The female sex steroid 17β-estradiol improves immune functions following trauma-hemorrhage in rodent models. Therefore, we hypothesized that 17β-estradiol administration following trauma-hemorrhage would also improve cardiac output, splanchnic perfusion, and oxygen utilization, even after the induction of subsequent sepsis.
A university laboratory.
Male rats underwent midline laparotomy (ie, soft tissue injury). They were bled to a mean arterial pressure of 35 to 40 mm Hg for 90 minutes and resuscitated over 60 minutes with lactated Ringer solution. At the beginning of resuscitation, 17β-estradiol (l mg/kg) or a vehicle was administered. At 20 hours after resuscitation, polymicrobial sepsis was induced by cecal ligation and puncture (CLP).
Main Outcome Measures
At 5 hours after CLP, cardiac performance (via a left ventricular catheter), cardiac output, and organ blood flow were determined using strontium 85 microspheres. Blood samples were collected from the femoral artery and jugular, portal, and renal veins to determine systemic and regional oxygen delivery and consumption. Moreover, circulating levels of 17β-estradiol, its adrenal precursor dehydroepiandrosterone (DHEA), and corticosterone were assessed by enzyme-linked immunosorbent assay.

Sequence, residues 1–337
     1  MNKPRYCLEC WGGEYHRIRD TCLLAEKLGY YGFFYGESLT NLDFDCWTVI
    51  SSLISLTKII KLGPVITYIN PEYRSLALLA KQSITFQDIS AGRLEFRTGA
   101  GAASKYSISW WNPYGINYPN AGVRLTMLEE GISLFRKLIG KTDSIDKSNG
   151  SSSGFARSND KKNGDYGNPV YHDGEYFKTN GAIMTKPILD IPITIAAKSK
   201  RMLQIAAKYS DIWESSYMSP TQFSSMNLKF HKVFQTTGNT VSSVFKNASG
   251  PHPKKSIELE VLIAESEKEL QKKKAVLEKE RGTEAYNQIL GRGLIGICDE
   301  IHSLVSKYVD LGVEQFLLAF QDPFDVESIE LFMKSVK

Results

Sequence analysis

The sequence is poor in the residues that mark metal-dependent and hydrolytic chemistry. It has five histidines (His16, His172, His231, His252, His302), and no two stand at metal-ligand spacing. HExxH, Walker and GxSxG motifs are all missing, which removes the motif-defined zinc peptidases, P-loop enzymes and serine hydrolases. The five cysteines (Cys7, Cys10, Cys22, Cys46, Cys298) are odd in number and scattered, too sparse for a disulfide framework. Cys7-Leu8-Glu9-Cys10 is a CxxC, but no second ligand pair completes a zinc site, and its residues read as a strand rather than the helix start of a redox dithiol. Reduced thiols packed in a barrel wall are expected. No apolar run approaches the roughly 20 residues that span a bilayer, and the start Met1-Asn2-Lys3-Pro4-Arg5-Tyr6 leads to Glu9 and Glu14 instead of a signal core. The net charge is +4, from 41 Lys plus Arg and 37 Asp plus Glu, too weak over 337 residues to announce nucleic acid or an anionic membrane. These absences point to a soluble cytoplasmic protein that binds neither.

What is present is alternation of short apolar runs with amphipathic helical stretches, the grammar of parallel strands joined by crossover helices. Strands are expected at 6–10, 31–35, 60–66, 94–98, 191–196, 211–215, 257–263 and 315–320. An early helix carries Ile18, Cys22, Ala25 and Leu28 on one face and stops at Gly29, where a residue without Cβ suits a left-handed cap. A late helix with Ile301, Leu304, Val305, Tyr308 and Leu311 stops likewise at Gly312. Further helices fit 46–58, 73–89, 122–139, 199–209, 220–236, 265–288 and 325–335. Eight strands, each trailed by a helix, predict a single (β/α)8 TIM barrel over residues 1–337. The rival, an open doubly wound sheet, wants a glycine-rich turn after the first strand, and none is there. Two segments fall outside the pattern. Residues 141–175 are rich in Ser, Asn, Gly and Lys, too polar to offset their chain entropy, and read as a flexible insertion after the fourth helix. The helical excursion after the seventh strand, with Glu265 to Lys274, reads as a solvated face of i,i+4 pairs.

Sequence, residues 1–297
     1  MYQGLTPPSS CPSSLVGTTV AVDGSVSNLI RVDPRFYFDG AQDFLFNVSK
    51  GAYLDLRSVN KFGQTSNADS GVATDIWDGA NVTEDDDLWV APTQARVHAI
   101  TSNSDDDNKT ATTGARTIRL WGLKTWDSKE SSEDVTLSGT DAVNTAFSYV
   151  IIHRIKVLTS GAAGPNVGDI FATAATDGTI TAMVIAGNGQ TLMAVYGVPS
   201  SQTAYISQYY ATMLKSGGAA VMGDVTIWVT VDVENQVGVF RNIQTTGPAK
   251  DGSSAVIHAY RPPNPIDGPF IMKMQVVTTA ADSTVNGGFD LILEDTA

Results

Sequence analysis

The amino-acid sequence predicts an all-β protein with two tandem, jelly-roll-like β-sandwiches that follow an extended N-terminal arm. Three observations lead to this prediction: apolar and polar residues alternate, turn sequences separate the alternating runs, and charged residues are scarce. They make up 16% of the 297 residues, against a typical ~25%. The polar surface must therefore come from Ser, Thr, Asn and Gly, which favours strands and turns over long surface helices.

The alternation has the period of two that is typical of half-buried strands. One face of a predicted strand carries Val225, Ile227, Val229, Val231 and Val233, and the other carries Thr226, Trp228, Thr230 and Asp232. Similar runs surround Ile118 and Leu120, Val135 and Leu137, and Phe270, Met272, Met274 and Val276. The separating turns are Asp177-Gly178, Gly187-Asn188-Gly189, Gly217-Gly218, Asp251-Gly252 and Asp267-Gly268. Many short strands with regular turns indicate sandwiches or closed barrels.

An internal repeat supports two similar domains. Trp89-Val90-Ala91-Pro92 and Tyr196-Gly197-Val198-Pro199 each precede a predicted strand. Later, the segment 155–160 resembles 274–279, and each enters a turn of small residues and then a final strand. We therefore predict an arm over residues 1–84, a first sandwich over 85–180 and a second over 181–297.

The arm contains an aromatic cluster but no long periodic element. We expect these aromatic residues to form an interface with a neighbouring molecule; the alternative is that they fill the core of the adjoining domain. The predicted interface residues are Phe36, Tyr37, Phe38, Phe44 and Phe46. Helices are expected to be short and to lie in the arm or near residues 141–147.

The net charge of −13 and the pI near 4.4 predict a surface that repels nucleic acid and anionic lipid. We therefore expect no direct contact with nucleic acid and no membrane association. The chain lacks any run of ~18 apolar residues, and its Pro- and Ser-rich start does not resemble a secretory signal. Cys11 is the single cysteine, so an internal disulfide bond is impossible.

Hemorrhage and subsequent sepsis significantly depressed cardiac performance, cardiac output, organ perfusion, and oxygen consumption. Estrogen did not restore cardiac output or systemic oxygen consumption; nonetheless, it restored the depressed intestinal perfusion. Rats treated with estrogen had significantly elevated levels of plasma 17β-estradiol, but the levels of DHEA or corticosterone were not affected.
The increase in gut perfusion could represent a potential mechanism for the salutary effects of 17β-estradiol following trauma-hemorrhage. Because 17β-estradiol improves systemic and intestinal perfusion after trauma-hemorrhage and induction of subsequent sepsis, this agent appears to be a promising adjunct for the treatment of trauma victims.